What to Do When You Can’t Fix a Security Vulnerability
When you discover a security vulnerability affecting your environment, you want to fix it. Quick. But, as you’re probably painfully aware, it’s not always that simple.
Join the DZone community and get the full member experience.Join For Free
When you discover a security vulnerability affecting your environment, you want to fix it. Quick.
But, as you’re probably painfully aware, it’s not always that simple. Many of us have already come across vulnerabilities that can’t be completely removed—leaving even the most experienced security pros feeling severely challenged. This year’s Verizon Data Breach Investigation Report addressed this type of problem, and we felt it was worth opening up a broader conversation around this unfortunate reality.
No matter what stage you’re at—on-premise, hybrid, or fully in the cloud—here’s what to do about those stubborn vulnerabilities you can’t get rid of.
What Do You Mean You Can’t Fix It?
The practice of vulnerability management is, by nature, cyclical and ongoing. There’s no such thing as being “done” with managing vulnerabilities since new ones crop up every day, no matter how well a security program is designed or how diligently systems are updated.
Vulnerabilities can come from a variety of sources. Sometimes development teams (eager to get the job done) will circumvent the chain of command and install unauthorized packages in the base AMI or even manually on production environments. It’s pretty tough for security teams to verify the attack surface of these types of packages if… they don’t know they exist.
These human hurdles to vulnerability management can certainly make the job of a security pro harder, at least without the right tools in place.
The good news is this “blind spot” can be corrected using a vulnerability management platform like Threat Stack, which automatically examines package information on every workload and tells the user whether there are any vulnerable packages. This can keep rogue users from poking holes in your otherwise watertight boat.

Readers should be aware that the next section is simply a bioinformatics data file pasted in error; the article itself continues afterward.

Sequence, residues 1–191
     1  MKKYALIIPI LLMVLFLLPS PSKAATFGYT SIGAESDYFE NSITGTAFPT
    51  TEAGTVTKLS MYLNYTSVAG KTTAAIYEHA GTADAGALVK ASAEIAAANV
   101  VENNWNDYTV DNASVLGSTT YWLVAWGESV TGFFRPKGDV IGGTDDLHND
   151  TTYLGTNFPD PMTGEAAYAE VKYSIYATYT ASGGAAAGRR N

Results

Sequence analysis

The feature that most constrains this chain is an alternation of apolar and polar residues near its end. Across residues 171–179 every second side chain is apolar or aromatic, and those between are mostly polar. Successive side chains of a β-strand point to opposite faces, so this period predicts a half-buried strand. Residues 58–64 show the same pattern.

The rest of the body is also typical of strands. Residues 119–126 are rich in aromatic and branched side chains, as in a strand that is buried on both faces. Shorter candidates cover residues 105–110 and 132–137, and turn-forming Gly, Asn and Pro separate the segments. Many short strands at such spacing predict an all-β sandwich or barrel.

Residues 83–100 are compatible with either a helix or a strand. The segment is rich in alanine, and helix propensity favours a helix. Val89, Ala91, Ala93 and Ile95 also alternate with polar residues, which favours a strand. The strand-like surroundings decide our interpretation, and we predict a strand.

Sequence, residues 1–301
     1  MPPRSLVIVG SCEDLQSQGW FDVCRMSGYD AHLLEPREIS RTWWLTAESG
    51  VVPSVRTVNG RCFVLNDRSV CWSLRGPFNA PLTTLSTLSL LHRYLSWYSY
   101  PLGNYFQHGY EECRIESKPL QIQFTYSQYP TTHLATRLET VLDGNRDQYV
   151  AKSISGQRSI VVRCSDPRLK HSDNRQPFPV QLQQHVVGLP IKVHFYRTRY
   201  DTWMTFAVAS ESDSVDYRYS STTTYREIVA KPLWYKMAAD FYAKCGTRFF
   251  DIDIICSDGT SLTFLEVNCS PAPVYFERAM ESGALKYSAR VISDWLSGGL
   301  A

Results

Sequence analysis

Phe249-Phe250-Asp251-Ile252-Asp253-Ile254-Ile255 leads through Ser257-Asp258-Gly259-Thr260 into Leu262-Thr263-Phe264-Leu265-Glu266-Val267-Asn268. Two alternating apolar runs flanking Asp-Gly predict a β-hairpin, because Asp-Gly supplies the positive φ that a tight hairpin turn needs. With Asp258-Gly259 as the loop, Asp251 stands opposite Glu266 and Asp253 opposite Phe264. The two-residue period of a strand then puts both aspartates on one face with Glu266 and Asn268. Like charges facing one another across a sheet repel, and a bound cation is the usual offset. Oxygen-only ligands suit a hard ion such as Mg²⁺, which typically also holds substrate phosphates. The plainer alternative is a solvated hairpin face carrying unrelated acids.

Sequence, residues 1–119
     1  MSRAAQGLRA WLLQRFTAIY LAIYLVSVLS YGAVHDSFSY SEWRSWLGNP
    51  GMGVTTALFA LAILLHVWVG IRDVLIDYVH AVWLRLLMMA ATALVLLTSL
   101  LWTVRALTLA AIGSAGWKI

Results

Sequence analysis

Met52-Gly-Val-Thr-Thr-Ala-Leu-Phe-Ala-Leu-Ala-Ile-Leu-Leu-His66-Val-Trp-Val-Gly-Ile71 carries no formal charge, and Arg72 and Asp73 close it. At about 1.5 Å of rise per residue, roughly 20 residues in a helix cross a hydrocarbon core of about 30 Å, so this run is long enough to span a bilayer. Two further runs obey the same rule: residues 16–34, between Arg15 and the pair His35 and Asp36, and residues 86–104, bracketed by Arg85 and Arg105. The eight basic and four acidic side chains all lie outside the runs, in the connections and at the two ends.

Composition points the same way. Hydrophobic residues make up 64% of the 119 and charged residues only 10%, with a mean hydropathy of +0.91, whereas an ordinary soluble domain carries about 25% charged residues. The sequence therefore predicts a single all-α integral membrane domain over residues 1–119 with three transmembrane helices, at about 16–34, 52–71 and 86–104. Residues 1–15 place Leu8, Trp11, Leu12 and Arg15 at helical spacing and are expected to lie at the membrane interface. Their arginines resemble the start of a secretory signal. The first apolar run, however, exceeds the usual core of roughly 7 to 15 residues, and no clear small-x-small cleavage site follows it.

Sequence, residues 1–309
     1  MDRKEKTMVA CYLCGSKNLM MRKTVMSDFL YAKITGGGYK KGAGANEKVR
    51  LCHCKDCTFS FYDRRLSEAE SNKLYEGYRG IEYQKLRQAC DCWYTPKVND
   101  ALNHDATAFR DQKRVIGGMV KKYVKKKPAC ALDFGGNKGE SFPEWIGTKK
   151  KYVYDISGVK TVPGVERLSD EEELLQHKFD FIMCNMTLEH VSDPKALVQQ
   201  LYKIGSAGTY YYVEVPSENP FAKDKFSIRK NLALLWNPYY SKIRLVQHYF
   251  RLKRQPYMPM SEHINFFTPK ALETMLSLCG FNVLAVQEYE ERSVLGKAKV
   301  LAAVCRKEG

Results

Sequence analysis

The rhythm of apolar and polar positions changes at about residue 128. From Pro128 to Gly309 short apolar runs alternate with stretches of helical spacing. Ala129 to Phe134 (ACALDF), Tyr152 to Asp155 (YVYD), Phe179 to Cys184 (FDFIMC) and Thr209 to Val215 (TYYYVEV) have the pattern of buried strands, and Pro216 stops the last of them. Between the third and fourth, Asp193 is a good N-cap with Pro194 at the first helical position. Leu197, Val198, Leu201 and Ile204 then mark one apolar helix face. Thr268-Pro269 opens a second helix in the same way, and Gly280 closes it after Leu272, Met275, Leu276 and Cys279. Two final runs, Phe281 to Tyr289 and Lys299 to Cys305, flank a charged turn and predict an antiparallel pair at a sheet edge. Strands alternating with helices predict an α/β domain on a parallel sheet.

But, as you may know, some vulnerabilities simply can’t be fixed. This could be due to a business process that can’t be changed, the lack of an available patch, or basic incompatibility. For example, vulnerabilities can come about due to persistent and widespread bugs (e.g. Heartbleed for SSL or Shellshock in the Unix Bash shell.) Generally, these bugs can be patched once discovered. But, depending on their complexity and how widespread they are, it can take time. And in some cases, there’s no ready solution because vendors and security people don’t agree on a patch or the speed at which it should be released, as in the case of an Android Wi-Fi Direct vulnerability that caused some Android devices to reboot under a remote attacker's orders.
So what should you do when you’re staring at a vulnerability that you can’t get rid of?
Keep Your Friends Close, and Your Vulnerabilities Closer
Simply put, if you can’t beat ‘em, join ‘em. Or, perhaps more accurately in the world of security, if you can’t eliminate, mitigate. Sometimes it’s your only option, so you might as well do it right.